“Torn clothes and mangled iron were strewn across the ground in pools of blood at the site of the wreckage near Rasheed Street, one of the main thoroughfares in Baghdad,” an AFP photographer reported. “The targeted area is packed with shops, workshops and wholesale markets and usually teeming with delivery trucks and daily laborers unloading vans or wheeling carts around…Hugh crowds were expected to gather on Saturday evening in the streets of Baghdad to celebrate the New Year for only the second time since the lifting in 2015 of a year-old curfew.” (The Telegraph News, UK, Dec. 31, 2016)

I was on Rasheed Street only yesterday.

While in Baghdad I stayed with a gracious couple who made the pilgrimage to Mecca, the Haj, this past year. In one of our many conversations, my host asked somewhat mischievously, “Which of the four do you think is the greatest sin in Islam? Theft, illicit sex, drinking or lying?” I mulled this over not really knowing, but enjoying the exercise. The answer turned out to be “lying” and, curiously, I got it right.

But then the 2003 U.S. led invasion of Iraq was based on lies and deceit. Many in the U.S. accepted, without adequate investigation or even curiosity, the notion that the U.S. would improve conditions ordinary Iraqis faced following the 2003 invasion. Tragically, almost fourteen years later, nothing could be further from the truth. Yet we should ask now, with genuine care, what Iraqis will face in 2017 and how we can make reparations for the suffering we’ve caused.

More articles by:

Cathy Breen is a member of the New York Catholic Worker community and a co-coordinator of Voices for Creative Nonviolence.

bernie-the-sandernistas-cover-344x550
September 18, 2019
Liam Kennedy
Boris Johnson: Elitist Defender of Britain’s Big Banks
September 17, 2019
Mario Barrera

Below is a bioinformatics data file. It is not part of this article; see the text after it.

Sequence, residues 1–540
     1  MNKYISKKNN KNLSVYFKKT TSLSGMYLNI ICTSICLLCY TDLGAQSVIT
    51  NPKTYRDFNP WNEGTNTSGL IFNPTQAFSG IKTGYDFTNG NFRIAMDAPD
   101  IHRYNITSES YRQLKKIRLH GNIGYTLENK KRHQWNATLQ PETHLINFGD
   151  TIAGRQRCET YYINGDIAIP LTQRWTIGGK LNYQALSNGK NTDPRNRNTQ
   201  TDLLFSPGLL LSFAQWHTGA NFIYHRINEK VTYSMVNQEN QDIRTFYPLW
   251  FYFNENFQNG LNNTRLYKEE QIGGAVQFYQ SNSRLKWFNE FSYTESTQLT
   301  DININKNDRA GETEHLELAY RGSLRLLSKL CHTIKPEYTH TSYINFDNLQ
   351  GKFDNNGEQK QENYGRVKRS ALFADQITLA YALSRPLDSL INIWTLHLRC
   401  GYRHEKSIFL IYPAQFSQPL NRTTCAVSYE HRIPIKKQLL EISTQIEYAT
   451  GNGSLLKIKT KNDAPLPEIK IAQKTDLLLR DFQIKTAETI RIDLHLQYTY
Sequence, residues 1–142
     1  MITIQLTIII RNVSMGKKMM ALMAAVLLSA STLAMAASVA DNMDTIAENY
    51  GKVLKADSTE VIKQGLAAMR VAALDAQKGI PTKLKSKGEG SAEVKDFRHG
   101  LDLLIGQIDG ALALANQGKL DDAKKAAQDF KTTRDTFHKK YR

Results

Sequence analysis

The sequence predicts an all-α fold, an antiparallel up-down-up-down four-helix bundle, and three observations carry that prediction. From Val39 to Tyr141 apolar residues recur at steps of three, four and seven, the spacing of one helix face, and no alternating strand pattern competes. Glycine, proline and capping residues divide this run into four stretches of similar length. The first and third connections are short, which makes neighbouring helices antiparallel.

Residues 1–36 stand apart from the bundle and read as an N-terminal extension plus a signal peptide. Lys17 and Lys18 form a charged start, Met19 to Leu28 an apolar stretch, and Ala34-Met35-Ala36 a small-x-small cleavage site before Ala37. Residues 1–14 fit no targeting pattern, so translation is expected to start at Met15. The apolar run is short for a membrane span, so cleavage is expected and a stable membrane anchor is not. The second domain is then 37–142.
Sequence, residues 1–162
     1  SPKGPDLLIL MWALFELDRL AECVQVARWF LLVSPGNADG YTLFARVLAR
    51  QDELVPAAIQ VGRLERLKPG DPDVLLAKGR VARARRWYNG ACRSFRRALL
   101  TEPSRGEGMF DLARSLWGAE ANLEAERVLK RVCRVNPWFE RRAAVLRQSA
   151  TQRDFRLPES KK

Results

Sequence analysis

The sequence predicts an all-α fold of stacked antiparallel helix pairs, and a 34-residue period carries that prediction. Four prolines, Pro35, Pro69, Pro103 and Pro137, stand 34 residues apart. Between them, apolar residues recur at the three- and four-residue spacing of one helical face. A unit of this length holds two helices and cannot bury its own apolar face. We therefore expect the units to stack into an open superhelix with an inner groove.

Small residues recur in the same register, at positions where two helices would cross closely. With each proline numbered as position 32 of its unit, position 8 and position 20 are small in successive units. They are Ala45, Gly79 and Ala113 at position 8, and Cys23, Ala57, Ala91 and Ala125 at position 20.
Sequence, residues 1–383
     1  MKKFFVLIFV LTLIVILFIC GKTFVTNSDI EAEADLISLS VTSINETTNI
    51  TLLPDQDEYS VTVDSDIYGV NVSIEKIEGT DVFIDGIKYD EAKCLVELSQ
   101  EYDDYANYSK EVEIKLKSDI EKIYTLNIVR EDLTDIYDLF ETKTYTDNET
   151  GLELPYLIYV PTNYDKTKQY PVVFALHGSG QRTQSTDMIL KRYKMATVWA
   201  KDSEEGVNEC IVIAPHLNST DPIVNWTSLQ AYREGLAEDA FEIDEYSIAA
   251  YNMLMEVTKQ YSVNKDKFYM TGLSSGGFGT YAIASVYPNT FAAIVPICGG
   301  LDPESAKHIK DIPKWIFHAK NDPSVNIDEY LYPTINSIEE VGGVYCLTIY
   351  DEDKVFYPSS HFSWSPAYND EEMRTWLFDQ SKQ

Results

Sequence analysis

The Southern Strategy and Donald Trump
Robert Jensen
The Danger of Inspiration in a Time of Ecological Crisis
Dean Baker
Health Care: Premiums and Taxes
Dave Lindorff
Recalling the Hundreds of Thousands of Civilian Victims of America’s Endless ‘War on Terror’
Binoy Kampmark
Oiling for War: The Houthi Attack on Abqaiq
Susie Day
You Say You Want a Revolution: a Prison Letter to Yoko Ono
Rich Gibson
Seize Solidarity House
Laura Flanders
From Voice of America to NPR: New CEO Lansing’s Glass House
Don Fitz
What is Energy Denial?
Dan Bacher
Governor Newsom Says He Will Veto Bill Blocking Trump Rollback of Endangered Fish Species Protections
Thomas Knapp
Election 2020: Time to Stop Pretending and Start Over
W. Alejandro Sanchez
Inside the Syrian Peace Talks
Elliot Sperber
Mickey Mouse Networks
September 16, 2019
Sam Husseini
Biden Taking Iraq Lies to the Max
Paul Street
Joe Biden’s Answer to Slavery’s Legacy: Phonographs for the Poor
Paul Atwood
Why Mattis is No Hero
Jonathan Cook
Brexit Reveals Jeremy Corbyn to be the True Moderate
Jeff Mackler
Trump, Trade and China
Robert Hunziker
Fukushima’s Radioactive Water Crisis
Evaggelos Vallianatos
The Democrats and the Climate Crisis
Michael Doliner
Hot Stuff on the Afghan Peace Deal Snafu
Nyla Ali Khan
Spectacles of the Demolition of the Babri Masjid in Uttar Pradesh and the Revocation of the Autonomous Status of Kashmir
Stansfield Smith
Celebrating 50 Years of Venceremos Brigade solidarity with the Cuban Revolution
Tim Butterworth
Socialism Made America Great
Nick Licata
Profiles in Courage: the Tories Have It, the Republicans Don’t
Abel Prieto
Cubanness and Cuban Identity: the Importance of Fernando Ortiz
Robert Koehler
Altruists of the World Unite!
Mel Gurtov
Farewell, John Bolton
Weekend Edition
September 13, 2019
Friday - Sunday
Paul Street
The Age of Constitutional Coups
Rob Urie
Bernie Sanders and the Realignment of the American Left
Anthony DiMaggio
Teaching the “War on Terror”: Lessons for Contemporary Politics
Jeffrey St. Clair
Roaming Charges: They Are the Walrus
T.J. Coles
Jeremy Corbyn: Electoral “Chicken” or Political Mastermind?
Joseph Natoli
The Vox Populi
Sasan Fayazmanesh
The Pirates of Gibraltar
John Feffer
Hong Kong and the Future of China
David Rosen
The Likely End to Roe v. Wade?
Ishmael Reed
When You Mess With Creation Myths, the Knives Come Out
Michael Hudson
Break Up the Democratic Party?
Paul Tritschler
What If This is as Good as It Gets?
Jonah Raskin
Uncensored Tony Serra: Consummate Criminal Defense Lawyer
Ryan Gunderson
Here’s to the Last Philosophes, the Frankfurt School
Michael T. Klare
The Pompeo Doctrine: How to Seize the Arctic’s Resources, Now Accessible Due to Climate Change (Just Don’t Mention Those Words!)
Luke O'Neil
I Would Want To Drink Their Blood: God Will Punish Them
FacebookTwitterRedditEmail